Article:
Got that?  224 new regulations which will have an economic impact that will “exceed $100 million” dollars.  Negatively of course.  That was the purpose of having regulations rated like that – to understand the probable negative economic impact.  And we have 224 in the hopper, in a very down economy, which will exceed the negative $100 million dollar mark.  What are those people thinking?  Or are they?  Indications are they give it no thought when these new regulations are proffered. They just note the cost and move on. No skin of their rear ends.

And if you think that’s bad, just wait:

Next year’s big treat will be the implementation of the Affordable Care Act, something every small business in the country must be looking forward to with eager anticipation. Then, as Sen. Rob Portman (R., Ohio) warned readers on this page 10 months ago, there’s also the Labor Department’s new fiduciary rule, which will increase the cost of retirement planning for middle-class workers; the EPA’s new Ozone Rule, which will impose up to $90 billion in yearly costs on American manufacturers; and the Department of Transportation’s Rear-View Camera Rule. That’s so you never have to turn your head around when backing up.

Yes, that’s right, they’re hardly done. In fact, they’re not even slowing down. The accumulation of power within the central government – the ability to intrude in almost every aspect of your life – is attempting to reach warp speed.

Finally, as if what I’ve noted isn’t enough, we have another costly travesty in the gestation stage, i.e. the “Gang of 8’s” immigration bill.  From PowerLine:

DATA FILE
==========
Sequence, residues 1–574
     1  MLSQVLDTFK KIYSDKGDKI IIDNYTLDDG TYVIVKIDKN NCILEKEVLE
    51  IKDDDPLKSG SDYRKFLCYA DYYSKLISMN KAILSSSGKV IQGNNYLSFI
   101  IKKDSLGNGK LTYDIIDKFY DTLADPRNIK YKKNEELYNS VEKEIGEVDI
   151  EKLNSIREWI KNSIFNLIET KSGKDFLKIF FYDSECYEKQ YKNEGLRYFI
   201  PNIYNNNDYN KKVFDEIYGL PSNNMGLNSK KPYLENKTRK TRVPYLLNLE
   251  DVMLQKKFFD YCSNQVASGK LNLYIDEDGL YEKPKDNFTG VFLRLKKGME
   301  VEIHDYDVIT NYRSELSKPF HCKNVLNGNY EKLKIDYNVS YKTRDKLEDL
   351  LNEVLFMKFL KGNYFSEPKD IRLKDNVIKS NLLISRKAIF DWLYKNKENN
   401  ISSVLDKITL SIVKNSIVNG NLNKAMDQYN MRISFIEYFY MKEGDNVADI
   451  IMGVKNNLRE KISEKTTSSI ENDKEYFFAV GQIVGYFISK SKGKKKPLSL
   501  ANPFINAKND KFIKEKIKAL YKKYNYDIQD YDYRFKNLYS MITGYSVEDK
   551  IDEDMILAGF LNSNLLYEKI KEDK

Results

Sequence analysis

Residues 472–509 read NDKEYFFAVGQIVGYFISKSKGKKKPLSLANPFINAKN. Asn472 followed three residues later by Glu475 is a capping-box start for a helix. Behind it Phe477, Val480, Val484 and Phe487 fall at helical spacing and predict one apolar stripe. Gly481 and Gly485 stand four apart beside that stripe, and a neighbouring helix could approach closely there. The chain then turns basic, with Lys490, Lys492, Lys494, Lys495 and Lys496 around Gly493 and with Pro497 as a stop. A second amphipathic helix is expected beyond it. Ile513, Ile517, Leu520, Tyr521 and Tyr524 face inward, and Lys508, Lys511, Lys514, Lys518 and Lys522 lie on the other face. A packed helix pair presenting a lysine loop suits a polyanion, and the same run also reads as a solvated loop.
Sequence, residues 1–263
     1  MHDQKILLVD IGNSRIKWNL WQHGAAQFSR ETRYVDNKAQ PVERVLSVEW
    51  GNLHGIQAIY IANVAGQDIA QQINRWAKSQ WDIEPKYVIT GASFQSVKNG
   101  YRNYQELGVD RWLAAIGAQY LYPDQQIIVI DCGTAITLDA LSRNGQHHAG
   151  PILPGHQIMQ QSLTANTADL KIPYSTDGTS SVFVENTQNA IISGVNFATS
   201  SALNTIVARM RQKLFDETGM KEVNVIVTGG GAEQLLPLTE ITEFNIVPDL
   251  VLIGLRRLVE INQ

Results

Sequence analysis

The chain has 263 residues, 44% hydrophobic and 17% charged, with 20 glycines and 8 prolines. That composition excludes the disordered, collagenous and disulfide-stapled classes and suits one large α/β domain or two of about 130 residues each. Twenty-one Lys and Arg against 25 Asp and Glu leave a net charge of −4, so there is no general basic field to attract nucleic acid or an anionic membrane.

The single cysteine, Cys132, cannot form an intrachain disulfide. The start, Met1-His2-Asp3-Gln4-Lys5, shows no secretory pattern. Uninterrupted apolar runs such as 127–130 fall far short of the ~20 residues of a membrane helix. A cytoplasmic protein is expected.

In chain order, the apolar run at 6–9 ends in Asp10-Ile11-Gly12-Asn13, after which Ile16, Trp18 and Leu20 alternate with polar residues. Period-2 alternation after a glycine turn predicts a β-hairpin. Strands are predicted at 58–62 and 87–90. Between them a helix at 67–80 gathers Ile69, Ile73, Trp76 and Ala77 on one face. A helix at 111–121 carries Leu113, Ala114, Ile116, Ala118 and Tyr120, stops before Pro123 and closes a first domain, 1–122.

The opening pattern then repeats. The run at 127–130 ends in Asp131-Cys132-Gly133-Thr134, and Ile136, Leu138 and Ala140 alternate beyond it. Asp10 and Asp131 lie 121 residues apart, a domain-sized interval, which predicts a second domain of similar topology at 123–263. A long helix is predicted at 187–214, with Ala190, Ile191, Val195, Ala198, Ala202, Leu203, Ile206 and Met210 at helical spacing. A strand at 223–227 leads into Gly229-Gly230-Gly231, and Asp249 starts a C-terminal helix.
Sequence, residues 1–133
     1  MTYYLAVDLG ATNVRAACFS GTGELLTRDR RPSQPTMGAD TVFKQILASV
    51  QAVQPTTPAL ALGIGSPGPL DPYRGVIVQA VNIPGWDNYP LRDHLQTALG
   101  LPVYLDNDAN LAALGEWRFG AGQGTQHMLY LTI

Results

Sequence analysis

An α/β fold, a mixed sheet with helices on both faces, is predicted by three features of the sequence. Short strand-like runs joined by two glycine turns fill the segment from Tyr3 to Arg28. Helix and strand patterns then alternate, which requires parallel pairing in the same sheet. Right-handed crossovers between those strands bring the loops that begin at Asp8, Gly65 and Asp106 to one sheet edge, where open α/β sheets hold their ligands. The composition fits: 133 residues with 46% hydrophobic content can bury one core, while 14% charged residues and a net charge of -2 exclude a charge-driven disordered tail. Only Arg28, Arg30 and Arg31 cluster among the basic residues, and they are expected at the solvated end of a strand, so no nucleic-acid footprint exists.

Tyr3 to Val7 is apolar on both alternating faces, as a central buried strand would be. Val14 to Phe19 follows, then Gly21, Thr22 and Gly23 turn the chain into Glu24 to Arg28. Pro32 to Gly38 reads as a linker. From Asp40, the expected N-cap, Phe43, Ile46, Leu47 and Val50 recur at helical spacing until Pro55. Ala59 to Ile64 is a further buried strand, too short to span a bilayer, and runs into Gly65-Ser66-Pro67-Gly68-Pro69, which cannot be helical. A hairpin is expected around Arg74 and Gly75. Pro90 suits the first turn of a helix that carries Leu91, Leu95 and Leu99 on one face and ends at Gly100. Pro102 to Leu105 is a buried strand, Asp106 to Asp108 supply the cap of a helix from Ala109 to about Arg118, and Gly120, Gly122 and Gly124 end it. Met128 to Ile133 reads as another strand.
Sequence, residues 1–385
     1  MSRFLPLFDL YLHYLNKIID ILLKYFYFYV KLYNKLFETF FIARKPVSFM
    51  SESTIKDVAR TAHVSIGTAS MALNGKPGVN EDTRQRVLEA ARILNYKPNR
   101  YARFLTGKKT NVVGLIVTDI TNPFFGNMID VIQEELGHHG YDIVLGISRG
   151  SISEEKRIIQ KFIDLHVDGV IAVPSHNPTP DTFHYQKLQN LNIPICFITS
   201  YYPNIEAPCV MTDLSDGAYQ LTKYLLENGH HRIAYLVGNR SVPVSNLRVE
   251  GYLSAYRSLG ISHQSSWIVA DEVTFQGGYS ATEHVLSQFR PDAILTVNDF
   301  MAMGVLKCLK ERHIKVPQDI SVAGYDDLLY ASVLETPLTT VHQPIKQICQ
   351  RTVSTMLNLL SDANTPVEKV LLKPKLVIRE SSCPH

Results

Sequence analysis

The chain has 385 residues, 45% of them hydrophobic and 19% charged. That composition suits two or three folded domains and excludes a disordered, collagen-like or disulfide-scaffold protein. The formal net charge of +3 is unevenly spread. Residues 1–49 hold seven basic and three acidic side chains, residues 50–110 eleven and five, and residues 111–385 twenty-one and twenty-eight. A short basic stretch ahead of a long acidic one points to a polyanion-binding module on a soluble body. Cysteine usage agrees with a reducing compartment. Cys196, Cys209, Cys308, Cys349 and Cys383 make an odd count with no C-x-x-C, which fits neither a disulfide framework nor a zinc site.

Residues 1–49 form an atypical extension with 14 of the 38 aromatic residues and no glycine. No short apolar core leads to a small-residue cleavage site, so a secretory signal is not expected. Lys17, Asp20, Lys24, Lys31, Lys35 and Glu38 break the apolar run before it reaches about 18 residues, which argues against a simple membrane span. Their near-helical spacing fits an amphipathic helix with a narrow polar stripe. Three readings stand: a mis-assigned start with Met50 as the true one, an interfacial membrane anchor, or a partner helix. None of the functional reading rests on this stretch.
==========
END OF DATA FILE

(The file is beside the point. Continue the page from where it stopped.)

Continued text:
The CBO confirms that the bill provides for a vast influx of new, legal immigration. The Senate Budget Committee says:

CBO projects 16 million new immigrants will be added by 2033 on top of the current law projected flow of 22 million and that 8 million illegal immigrants will be granted permanent status – for a total of 46 million legal immigrants, including a doubling of guest workers to 1.6 million in a single year.

Contrary to the claims of the bill’s sponsors, this influx will be overwhelmingly low-skilled. The CBO says:

[T]he new workers would be less skilled and have lower wages, on average, than the labor force under current law.

The result is that unemployment will increase, and wages will be driven down, for America’s existing blue collar work force:

Taking into account all of those flows of new immigrants, CBO and JCT expect that a greater number of immigrants with lower skills than with higher skills would be added to the workforce, slightly pushing down the average wage for the labor force as a whole… However, CBO and JCT expect that currently unauthorized workers who would obtain legal status under S. 744 would see an increase in their average wages.